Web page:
Metallica frontman James Hetfield joined an interview with Apple Music and talked about the things that made him fear and insecure throughout his career.

On August 12, 1991, Metallica released their fifth studio album ‘Metallica’ which is mostly known as ‘The Black Album.’ Following the release, the record received widespread critical acclaim and became Metallica’s best-selling album. It also contributed greatly to the band’s success and made the band more famous than before.

As you may know, this year marks the 40th anniversary of Metallica and the 30th anniversary of ‘The Black Album.’ Therefore, the band celebrated this important date by releasing a remastered version of the record.

In an interview by Apple Music, James Hetfield talked about his career in Metallica which spanned 40 years. The host Zane Lowe told Hetfield that ‘The Black Album’ was an essential turning point for the band as it made them so much bigger than before. He then asked Hetfield if his personality affected by this change.

Hetfield responded by saying he already was under the pressure of expectations to be the best as possible. The musician then stated that he felt the need to become what the audience expects him to be, however, he was struggling and not knowing who he is behind the curtains. Hetfield then added he felt a huge codependence and insecurity and revealed that he frequently asked himself who he was.

Lowe commented on this and said Hetfield never wanted the tours to end as when the applause stops, he began questioning who he is. As a response, Hetfield mentioned that he actually starts questioning himself when he leaves the stage which instilled a lot of fear in him.

In the interview, the host Zane Lowe told James Hetfield that:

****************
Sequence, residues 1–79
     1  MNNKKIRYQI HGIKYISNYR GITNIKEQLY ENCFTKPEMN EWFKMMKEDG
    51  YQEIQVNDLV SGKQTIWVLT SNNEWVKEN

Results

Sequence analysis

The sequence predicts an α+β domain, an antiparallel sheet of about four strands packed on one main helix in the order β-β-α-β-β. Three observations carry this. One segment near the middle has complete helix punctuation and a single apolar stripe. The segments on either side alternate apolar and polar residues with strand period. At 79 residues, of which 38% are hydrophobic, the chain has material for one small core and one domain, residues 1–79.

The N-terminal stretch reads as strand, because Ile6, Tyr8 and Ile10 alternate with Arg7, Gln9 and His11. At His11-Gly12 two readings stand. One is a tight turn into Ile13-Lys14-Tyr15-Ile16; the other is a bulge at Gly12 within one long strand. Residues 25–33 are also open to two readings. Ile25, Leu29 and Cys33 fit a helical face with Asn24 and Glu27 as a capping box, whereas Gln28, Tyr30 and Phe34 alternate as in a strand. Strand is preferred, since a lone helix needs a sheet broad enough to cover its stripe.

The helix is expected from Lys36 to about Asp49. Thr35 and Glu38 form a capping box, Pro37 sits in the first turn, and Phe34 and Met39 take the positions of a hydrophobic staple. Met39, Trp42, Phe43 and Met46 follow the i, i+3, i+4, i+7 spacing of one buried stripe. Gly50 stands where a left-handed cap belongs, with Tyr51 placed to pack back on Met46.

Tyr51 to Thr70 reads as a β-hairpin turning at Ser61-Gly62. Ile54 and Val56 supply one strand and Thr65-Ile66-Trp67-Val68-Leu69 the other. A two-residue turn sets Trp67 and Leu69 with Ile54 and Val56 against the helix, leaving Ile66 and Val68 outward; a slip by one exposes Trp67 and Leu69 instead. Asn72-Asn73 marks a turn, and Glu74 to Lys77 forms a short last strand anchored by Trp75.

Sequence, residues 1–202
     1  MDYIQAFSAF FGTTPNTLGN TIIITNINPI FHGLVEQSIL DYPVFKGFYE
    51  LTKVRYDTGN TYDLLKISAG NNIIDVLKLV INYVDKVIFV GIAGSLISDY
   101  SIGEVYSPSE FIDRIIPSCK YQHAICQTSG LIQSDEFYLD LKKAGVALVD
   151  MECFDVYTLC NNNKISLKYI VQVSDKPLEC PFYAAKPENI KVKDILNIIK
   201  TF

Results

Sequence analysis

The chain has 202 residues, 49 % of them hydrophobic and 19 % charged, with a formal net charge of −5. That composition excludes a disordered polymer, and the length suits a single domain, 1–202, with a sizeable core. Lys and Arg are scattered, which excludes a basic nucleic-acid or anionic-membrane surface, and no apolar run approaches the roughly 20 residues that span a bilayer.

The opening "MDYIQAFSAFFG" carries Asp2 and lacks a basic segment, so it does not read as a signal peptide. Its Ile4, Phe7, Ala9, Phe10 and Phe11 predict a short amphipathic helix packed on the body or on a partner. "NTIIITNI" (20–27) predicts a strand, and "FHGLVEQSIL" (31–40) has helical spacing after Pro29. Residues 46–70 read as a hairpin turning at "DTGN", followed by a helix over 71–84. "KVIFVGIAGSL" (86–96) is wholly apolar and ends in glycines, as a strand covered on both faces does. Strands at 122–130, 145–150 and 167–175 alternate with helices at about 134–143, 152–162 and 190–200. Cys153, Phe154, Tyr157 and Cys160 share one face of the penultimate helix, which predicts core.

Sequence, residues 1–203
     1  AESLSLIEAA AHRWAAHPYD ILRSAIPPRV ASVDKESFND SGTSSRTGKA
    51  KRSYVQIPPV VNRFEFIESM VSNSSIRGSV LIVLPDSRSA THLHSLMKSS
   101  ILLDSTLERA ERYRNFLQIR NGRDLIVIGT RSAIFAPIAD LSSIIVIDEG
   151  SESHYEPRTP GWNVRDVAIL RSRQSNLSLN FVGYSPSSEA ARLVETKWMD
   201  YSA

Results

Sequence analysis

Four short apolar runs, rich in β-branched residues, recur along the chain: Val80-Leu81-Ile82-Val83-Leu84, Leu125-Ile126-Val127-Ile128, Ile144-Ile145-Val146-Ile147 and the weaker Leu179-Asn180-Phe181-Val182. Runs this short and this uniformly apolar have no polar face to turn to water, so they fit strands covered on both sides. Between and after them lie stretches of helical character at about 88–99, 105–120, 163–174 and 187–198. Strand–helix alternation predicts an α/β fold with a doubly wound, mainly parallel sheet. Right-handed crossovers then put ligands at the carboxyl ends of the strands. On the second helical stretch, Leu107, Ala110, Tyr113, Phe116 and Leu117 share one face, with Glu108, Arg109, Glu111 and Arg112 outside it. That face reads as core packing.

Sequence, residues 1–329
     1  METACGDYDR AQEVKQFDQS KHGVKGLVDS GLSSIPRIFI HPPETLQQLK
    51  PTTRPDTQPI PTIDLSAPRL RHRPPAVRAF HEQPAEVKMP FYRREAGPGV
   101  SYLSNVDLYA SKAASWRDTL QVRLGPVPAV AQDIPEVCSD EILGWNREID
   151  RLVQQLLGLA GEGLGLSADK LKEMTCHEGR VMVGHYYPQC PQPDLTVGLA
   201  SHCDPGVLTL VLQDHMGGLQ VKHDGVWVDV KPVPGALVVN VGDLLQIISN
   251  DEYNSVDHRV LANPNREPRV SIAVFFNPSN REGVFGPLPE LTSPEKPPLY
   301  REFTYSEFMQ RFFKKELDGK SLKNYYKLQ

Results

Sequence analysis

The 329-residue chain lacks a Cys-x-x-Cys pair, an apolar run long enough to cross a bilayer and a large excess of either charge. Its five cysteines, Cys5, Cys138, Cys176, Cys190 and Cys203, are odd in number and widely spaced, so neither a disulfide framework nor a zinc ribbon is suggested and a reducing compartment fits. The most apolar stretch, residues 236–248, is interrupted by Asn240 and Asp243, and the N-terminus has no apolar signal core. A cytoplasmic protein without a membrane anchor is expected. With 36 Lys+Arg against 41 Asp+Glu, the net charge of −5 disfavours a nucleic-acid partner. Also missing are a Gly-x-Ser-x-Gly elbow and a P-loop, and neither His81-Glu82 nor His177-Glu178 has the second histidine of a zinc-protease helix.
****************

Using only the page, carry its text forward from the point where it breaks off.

“James, the work you had to do, to me was an untangling of the identity, the costume you put on that got heaviest when you got most successful. And the ‘Black Album’ is an essential turning point in that where it became. You were so much bigger up than you had been before. I guess your personality had to reflect that, right?

You have to be there for people, in a weird way that trade becomes imbalanced. It stops being an equal trade between fan and artist. It becomes far more one-way. Is that fair to say?”

James Hetfield then responded:

“Very well put. There was such an expectation already on me to not let the team down and be the best as possible. But when you add 60,000 people out there… You need to be what they need you to be because this is what you’ve evolved to be. The man behind the curtain pays no attention, but this guy behind the curtain is just dying, struggling, freaking out, and not knowing who he is.

You know, the word ‘unraveling’ is a great word like unlearning, unlearning all of what happened before. That was a part of me for sure, but it dominated all of me and the parts that weren’t happy about me. You know, this is a huge codependence and insecurity, a lot of that. Gosh, I can’t… I’m no good without these guys. When off tours, I ask myself ‘Who am I?'”

Zane Lowe added:

“Oh, ‘I never want the tour to end, because guess what? When the applause stops, I don’t know who I am.'”

Hetfield continued:

“Well, like any first responder, or football player, or even a soldier, you take your uniform off and you’re a civilian again. You start asking yourself ‘Who am I? I don’t know who I am.’ There was a lot of fear in that.

You can check out the rest of the interview below.